South Sudan's President Salva Kiir (Courtesy photo)

UN tells Kiir to reject security law changes

The United Nations Commission on Human Rights in South Sudan wants President Salva Kiir to return proposed security law amendments to parliament for revision.

The Commission said in a press release sent to Radio Tamazuj Wednesday that the National Security Service Act (Amendment) Bill, passed by legislators last week, would entrench arbitrary detention and further repression by National Security Service (NSS).

The Commission wants the Bill aligned with South Sudan’s human rights obligations.

“If accepted by the President, these amendments to the National Security Service Act would signal that rights violations by this powerful institution are endorsed not just by the rest of government, but legislators as well,” said the Chairperson of the Commission, Yasmin Sooka.

The Commission has previously reported in detail on human rights violations by NSS, including the illegal prolonged and arbitrary detentions without judicial oversight or accountability, extraordinary renditions of civil society members and political opponents from neighboring countries.

Rights Commissioner Barney Afako stated that as South Sudan prepares for its first elections since independence, the citizenry must be able to exercise their civil and political rights without fear of retribution.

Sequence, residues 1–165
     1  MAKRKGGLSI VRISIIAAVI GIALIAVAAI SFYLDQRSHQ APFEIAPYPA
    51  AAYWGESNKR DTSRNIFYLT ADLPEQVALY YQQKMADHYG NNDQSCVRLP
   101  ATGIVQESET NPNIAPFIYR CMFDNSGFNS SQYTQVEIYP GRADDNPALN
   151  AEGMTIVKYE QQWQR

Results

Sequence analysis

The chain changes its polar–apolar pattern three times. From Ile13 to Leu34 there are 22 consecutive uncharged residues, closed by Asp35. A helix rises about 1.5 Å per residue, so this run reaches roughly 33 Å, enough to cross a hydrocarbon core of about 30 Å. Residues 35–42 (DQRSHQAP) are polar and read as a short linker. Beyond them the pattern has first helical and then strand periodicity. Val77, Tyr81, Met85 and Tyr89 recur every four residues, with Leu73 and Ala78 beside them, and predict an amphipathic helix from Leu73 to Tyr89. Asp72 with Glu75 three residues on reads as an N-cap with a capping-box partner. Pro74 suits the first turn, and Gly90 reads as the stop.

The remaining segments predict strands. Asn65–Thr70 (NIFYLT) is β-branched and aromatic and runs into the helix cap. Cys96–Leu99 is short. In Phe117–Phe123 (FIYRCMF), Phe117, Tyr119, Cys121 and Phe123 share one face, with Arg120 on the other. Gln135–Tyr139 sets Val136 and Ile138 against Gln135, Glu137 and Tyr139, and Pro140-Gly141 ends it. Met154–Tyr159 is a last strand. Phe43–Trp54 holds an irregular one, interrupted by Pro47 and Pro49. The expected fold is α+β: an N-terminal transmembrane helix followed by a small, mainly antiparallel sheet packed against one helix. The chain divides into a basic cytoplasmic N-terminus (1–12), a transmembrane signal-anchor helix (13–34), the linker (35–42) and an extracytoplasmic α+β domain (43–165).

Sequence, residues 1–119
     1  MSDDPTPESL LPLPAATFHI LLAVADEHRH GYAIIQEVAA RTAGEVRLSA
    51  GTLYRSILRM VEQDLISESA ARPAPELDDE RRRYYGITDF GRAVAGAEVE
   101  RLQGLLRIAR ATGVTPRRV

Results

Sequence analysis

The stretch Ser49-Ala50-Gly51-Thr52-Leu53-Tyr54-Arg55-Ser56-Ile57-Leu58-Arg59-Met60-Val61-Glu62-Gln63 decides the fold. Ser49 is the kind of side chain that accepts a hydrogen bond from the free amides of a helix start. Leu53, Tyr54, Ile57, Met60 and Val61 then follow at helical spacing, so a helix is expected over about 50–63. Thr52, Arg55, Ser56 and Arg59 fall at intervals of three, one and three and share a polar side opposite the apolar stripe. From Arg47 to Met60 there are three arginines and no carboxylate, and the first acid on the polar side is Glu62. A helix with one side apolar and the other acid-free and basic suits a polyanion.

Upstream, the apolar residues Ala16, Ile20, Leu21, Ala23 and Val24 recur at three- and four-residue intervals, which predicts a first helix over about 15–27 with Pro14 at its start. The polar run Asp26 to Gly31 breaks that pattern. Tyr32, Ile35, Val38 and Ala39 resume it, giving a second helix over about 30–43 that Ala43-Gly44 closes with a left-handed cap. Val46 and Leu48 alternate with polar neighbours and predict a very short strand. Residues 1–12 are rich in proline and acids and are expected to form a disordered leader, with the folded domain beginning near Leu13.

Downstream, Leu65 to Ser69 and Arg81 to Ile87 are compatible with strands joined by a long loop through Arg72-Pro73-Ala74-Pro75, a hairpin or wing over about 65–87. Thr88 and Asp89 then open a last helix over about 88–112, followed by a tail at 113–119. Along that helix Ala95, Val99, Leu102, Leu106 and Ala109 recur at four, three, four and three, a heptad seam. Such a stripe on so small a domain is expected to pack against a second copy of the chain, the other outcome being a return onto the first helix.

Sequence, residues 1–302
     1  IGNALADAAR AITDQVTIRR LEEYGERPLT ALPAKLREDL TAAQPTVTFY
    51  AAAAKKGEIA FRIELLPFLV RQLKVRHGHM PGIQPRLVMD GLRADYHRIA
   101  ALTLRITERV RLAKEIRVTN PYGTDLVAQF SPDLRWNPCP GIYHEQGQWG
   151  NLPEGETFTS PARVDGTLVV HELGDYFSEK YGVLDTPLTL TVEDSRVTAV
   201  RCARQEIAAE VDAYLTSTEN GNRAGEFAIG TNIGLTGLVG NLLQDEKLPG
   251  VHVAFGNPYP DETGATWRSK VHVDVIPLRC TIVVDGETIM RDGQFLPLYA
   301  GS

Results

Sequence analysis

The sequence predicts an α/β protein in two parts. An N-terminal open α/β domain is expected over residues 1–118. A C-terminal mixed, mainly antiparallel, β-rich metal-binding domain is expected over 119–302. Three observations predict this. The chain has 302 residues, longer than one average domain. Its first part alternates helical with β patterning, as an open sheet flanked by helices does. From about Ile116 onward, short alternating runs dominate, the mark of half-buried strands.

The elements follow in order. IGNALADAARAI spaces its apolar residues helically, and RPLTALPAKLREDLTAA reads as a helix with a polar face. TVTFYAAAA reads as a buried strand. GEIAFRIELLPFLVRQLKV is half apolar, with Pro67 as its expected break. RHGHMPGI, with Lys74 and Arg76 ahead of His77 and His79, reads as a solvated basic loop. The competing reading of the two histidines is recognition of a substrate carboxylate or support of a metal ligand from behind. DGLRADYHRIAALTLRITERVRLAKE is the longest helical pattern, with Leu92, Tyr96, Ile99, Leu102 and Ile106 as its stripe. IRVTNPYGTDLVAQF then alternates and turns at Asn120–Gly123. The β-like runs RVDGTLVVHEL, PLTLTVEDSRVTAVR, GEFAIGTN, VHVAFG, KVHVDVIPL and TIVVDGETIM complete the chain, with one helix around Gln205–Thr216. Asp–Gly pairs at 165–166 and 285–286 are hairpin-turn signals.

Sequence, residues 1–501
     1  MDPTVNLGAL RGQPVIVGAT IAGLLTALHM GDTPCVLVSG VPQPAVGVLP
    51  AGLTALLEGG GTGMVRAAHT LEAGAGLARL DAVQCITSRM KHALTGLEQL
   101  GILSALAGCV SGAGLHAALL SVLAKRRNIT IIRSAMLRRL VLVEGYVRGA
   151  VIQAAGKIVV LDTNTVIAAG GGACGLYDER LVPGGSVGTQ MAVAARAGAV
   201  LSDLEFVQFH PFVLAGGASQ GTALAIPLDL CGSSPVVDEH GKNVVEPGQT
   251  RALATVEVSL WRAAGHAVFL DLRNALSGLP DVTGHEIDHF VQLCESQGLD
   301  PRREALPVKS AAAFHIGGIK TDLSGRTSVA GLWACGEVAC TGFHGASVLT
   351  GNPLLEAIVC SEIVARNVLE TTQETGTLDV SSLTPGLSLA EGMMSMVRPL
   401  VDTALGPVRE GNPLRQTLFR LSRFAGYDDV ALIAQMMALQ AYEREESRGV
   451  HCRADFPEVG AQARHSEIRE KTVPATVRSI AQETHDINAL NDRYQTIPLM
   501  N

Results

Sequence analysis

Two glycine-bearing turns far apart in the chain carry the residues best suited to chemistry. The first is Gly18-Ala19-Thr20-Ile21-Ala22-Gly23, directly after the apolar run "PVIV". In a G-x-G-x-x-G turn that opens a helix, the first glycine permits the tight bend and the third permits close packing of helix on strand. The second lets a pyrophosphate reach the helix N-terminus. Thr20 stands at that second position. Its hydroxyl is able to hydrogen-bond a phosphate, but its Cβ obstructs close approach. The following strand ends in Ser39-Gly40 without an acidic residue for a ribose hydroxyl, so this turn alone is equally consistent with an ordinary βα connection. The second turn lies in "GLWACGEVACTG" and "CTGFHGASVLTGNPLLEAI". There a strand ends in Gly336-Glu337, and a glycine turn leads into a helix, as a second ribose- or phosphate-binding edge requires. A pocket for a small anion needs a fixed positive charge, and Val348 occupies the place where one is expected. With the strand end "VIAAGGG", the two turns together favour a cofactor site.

“These security amendments were intended to open up civic space, but in their present form, their effect is the opposite,” he said.

Section 54 of the 2014 National Security Service Act empowers officers to arrest and detain, without a warrant, any person suspected of committing an offence against the State. These offences are broadly and loosely defined in section 7 of the Act, resulting in many people being arrested and detained for legitimate civic and political activities. Although any detainee must be brought before a judge within 24 hours, this rarely happens. Section 55 of the Act empowers officers to arrest after obtaining a warrant, but this provision is rarely used.

On February 5, 2024, South Sudan acceded to the International Covenant on Civil and Political Rights, which includes protection from arbitrary arrest and detentions, and requires that anyone arrested or detained be brought promptly before a judge.

The process of amending the 2014 NSS Act has been underway for over six years, with progress stalling due to disagreements about the arrest and the detention powers. On February 21, 2023, media reports quoted the Minister of Cabinet Affairs announcing that the President and First-Vice President had agreed to remove all NSS powers of arrest. Government documents reviewed by the Commission show that on March 24, 2023, the Council of Ministers also resolved to abolish NSS arrest powers.

However, these positions were not reflected in the Amendment Bill sent to the Transitional National Legislative Assembly on April 28, 2023. On July 3, 2024, during a heated session, a two-thirds majority of legislators passed the Bill, which retains the NSS powers to arrest and detain.

The President can return the Bill to legislators for revision, within 30 days.